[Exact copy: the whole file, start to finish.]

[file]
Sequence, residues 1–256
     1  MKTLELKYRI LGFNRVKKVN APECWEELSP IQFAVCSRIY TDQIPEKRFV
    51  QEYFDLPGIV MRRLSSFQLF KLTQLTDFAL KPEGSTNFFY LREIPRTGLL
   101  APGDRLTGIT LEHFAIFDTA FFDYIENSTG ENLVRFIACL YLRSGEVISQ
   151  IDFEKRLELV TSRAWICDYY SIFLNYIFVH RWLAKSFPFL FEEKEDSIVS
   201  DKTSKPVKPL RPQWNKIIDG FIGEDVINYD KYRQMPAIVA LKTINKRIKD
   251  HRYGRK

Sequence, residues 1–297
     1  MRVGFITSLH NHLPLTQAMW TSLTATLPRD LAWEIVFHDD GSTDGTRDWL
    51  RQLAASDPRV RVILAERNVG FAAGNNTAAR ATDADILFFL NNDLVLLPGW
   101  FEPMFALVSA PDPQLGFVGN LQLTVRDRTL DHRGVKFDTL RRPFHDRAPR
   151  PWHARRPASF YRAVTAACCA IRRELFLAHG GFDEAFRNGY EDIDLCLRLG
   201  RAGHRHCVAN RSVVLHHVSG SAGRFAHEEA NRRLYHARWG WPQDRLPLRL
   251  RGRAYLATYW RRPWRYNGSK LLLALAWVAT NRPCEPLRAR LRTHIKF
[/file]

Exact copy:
Sequence, residues 1–256
     1  MKTLELKYRI LGFNRVKKVN APECWEELSP IQFAVCSRIY TDQIPEKRFV
    51  QEYFDLPGIV MRRLSSFQLF KLTQLTDFAL KPEGSTNFFY LREIPRTGLL
   101  APGDRLTGIT LEHFAIFDTA FFDYIENSTG ENLVRFIACL YLRSGEVISQ
   151  IDFEKRLELV TSRAWICDYY SIFLNYIFVH RWLAKSFPFL FEEKEDSIVS
   201  DKTSKPVKPL RPQWNKIIDG FIGEDVINYD KYRQMPAIVA LKTINKRIKD
   251  HRYGRK

Sequence, residues 1–297
     1  MRVGFITSLH NHLPLTQAMW TSLTATLPRD LAWEIVFHDD GSTDGTRDWL
    51  RQLAASDPRV RVILAERNVG FAAGNNTAAR ATDADILFFL NNDLVLLPGW
   101  FEPMFALVSA PDPQLGFVGN LQLTVRDRTL DHRGVKFDTL RRPFHDRAPR
   151  PWHARRPASF YRAVTAACCA IRRELFLAHG GFDEAFRNGY EDIDLCLRLG
   201  RAGHRHCVAN RSVVLHHVSG SAGRFAHEEA NRRLYHARWG WPQDRLPLRL
   251  RGRAYLATYW RRPWRYNGSK LLLALAWVAT NRPCEPLRAR LRTHIKF